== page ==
Global shipments of chip cards surpassed 2.1 billion in 2016, a 4% increase from 2015, says the Smart Payment Association.
“Following significant EMV rollout programs in the United States and China, 2016 saw shipment volumes begin to normalize to reflect growing market maturity in most major global markets,” said Sylvie Gibert, president of the Smart Payment Association, in a press release. The association did not release any data specific to the United States or other regions.
This maturation within the U.S. market is happening not yet two years since the EMV liability shift kicked in that prompted U.S. banks and credit unions to adopt chip for their credit and debit cards.
Visa Inc.’s most recent data suggests a similar leveling off. Visa says there were 421.1 million credit and debit chip cards bearing its brand in the United States in March, compared with 408.1 million in December, a 3.2% increase. That compares to the 9.4% increase from September to December, and the 14.1% increase from June to September.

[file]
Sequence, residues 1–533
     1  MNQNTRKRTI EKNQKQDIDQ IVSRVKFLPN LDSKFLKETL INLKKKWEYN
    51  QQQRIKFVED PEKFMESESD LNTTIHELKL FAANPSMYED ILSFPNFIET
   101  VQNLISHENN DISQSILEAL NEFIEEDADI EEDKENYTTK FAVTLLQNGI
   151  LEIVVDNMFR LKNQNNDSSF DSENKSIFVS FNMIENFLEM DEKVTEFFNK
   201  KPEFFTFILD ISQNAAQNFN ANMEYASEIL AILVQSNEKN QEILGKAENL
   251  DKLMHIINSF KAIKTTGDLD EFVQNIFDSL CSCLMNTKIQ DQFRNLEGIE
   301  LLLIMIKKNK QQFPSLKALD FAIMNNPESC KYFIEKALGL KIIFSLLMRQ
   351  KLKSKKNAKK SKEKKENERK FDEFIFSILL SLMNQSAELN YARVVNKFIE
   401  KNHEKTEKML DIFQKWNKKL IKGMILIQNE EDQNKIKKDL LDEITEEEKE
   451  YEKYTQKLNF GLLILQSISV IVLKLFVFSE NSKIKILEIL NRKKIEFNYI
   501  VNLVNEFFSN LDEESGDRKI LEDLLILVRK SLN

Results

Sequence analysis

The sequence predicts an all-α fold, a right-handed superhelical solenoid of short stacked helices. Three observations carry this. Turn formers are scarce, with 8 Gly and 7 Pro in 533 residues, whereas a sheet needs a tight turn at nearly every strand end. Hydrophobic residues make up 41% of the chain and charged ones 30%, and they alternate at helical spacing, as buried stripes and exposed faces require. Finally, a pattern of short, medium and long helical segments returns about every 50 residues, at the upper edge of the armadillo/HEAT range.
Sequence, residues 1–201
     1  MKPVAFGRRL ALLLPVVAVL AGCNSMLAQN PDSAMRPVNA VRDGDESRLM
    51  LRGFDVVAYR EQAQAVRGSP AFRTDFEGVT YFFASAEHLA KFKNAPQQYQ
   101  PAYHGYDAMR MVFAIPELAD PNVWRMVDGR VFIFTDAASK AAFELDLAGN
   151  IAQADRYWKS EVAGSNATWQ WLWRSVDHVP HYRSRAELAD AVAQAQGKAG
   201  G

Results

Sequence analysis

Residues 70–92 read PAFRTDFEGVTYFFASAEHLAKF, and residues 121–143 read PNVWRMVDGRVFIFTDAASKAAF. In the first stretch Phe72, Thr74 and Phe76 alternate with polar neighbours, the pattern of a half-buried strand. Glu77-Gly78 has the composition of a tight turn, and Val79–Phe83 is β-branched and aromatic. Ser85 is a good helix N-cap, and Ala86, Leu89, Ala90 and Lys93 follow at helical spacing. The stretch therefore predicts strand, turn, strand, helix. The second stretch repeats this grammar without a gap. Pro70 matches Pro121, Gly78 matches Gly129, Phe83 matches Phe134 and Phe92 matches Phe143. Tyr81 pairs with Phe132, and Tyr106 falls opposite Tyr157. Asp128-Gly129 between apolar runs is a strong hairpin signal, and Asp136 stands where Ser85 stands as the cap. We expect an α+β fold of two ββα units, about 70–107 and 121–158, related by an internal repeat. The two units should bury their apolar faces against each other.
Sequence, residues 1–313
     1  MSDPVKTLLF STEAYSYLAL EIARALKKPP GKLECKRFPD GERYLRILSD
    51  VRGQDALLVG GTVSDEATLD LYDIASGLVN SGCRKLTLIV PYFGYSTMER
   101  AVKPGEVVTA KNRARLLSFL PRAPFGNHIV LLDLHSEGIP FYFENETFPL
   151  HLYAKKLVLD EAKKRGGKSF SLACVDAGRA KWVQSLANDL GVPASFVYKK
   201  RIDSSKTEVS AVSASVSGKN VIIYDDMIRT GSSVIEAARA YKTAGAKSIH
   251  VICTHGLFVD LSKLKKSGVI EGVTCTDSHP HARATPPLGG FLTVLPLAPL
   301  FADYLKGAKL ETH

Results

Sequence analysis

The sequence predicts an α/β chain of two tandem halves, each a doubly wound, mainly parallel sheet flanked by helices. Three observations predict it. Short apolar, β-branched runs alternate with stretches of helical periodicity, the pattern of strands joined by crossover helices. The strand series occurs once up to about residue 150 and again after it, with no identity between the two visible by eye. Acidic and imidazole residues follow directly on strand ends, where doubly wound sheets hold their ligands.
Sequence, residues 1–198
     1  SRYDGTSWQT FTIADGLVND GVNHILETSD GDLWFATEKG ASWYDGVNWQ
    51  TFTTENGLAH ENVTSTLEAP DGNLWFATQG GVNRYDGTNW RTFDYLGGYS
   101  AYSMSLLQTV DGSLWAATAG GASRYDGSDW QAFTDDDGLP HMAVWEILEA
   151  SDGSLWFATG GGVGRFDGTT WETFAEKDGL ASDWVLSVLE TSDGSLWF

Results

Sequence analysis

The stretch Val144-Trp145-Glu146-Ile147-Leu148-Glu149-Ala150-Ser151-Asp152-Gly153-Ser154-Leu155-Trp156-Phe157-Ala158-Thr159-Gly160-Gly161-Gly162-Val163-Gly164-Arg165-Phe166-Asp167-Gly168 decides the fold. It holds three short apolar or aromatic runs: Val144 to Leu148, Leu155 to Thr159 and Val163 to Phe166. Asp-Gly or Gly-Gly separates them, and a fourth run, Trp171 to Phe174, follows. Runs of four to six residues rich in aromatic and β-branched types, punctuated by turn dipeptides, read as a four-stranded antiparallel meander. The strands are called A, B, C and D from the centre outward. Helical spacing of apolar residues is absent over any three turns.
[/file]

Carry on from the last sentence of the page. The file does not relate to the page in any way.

The Smart Payment Association’s comment explains why volume growth has declined from previous years, says Randy Vanderhoof, director of the U.S. Payments Forum.
“Large-volume issuers had reportedly sufficient inventory of EMV chip cards built up to meet demand, and were slowing down on order volumes until the next chip card re-issuance wave comes in three to four years,” Vanderhoof says in an email to Digital Transactions News. “At that time, we anticipate that volumes will increase again and more dual-interface chip cards will begin being ordered by U.S. card-portfolio managers.” Dual-interface chip cards can perform contact and contactless transactions. Contactless payments rely on near-field communication connections to point-of-sale terminals.